Actresses are even more difficult to identify than their male counterparts. The custom, until well into the second half of the century was to bill females as "Miss" or "Mrs."--omitting first names. Miss Scott, for example, did not use her given names, appearing in almost all bills simply as "Miss Scott." This entry has been expanded to Miss [Jane M.] Scott. Similarly Miss Woolgar's name has been entered as Miss [Sarah J.] Woolgar.
 Some actresses married during the course of their careers. If they then chose to be billed under their husband's surname, the entry is expanded to include his first names, if known. If not, their own given names precede the husband's last name. Maiden and married names have been cross-indexed only if an actress played under both at the Sans Pareil or the Adelphi. The entry
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Yates, Mrs. Frederick H. (see also Brunton, Elizabeth)
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appears in the index, as does
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Brunton, Miss Elizabeth (see also Yates, Mrs. Frederick H.)
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To give the reader all possible assistance in identifying an individual, every relevant name is given. For example, maiden and real names are added in parentheses, even though actors never performed under them at the Adelphi.
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Garrick, Mrs. Nathan (Sarah Jane Gray)
Nano, Signor Hervio (Harvey Leach)
Waylett, Harriet (Harriet Cooke, Mrs. George A. Lee)
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Whenever the editors have found it impossible to decide the marital status of a female actress, the designation "M?" has been employed.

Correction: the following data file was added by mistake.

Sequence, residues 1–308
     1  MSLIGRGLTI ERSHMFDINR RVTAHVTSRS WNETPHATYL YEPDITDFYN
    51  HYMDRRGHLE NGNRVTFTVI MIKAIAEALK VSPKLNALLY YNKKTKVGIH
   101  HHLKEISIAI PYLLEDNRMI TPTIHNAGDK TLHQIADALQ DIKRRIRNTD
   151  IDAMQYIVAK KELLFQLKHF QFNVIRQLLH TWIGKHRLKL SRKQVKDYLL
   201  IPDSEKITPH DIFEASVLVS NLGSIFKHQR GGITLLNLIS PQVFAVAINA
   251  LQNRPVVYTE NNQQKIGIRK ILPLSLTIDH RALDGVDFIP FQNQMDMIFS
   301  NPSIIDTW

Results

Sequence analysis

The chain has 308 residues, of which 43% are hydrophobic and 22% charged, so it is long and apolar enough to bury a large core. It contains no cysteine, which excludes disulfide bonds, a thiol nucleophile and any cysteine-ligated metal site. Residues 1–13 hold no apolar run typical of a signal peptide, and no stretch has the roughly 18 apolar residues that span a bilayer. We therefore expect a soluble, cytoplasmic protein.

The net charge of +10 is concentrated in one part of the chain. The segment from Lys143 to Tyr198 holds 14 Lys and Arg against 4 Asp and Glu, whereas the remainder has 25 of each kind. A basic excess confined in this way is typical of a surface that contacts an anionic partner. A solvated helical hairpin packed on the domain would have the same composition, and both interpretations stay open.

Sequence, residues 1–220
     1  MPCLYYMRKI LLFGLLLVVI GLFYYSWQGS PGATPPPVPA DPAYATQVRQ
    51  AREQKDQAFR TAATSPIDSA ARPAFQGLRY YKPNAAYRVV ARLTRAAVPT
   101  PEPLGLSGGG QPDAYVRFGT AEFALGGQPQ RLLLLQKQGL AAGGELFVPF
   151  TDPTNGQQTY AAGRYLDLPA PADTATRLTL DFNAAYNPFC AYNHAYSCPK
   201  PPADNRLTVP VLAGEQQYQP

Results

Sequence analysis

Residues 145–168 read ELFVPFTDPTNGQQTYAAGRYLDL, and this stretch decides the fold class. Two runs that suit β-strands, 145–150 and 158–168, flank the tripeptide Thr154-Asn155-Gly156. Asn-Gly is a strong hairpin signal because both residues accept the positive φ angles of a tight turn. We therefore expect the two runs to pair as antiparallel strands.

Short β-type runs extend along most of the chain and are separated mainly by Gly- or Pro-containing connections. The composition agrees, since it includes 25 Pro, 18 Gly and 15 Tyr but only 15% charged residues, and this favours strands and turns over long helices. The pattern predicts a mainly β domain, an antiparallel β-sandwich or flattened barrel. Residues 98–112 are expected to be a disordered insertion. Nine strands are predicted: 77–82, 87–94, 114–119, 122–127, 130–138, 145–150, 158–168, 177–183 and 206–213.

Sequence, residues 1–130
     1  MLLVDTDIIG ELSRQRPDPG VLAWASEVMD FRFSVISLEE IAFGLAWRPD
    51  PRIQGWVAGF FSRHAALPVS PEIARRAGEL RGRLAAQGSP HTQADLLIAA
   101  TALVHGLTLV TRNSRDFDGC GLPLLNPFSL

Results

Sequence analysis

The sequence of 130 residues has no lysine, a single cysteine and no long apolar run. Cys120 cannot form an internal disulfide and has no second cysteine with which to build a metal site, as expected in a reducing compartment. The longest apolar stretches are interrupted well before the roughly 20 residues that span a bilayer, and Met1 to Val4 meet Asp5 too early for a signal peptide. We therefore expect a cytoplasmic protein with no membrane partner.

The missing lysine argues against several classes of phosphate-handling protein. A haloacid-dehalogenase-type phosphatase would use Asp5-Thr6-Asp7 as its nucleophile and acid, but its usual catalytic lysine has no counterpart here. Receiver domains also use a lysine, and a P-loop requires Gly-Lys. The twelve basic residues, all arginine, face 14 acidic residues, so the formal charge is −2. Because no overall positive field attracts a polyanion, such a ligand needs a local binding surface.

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Fulford, M? 1841
Langton, M? 1854, 1855
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Because first names were rarely used, players with the same surname and no first names have to be treated as though they were one individual. One actor called Jones performed in 1809 and another in 1870. Obviously several actors with this, the most common of Welsh surnames, have been collected together because there is no way to differentiate them. Users will occasionally come across a surname followed by a number--Jones(2), for example. This numeral means although no first names have been discovered, the editors are reasonably certain they are dealing with more than one performer in the same season.
 By far the most useful book in helping editors locate and check names is J. Peter Wearing's American and British Theatrical Biography (Metuchen, N. J.: Scarecrow Press, 1979). Many names were close to those in the calendar, but editors were told to resist temptation for fear of adding to the confusion that surrounds so much of nineteenth-century theatre studies.
 The London Times usually gives the names of leading actors in the main piece. Unfortunately they are not often matched with roles. Sometimes it has been necessary to draw conclusions where no other source is available.
 No invented names, common in pantomimes, have been knowingly entered in this index, and no animal performers, even those billed by name, are included.
 Names Of Actors And Actresses
Names Of Actors And Actresses
Names Of Actors And Actresses
Names Of Actors And Actresses
Names Of Actors And Actresses
Names Of Actors And Actresses
Names Of Actors And Actresses
Names Of Actors And Actresses
Names Of Actors And Actresses
Classic Hollywood || Actors And Actresses
Fireworks ♥ Hollywood Actresses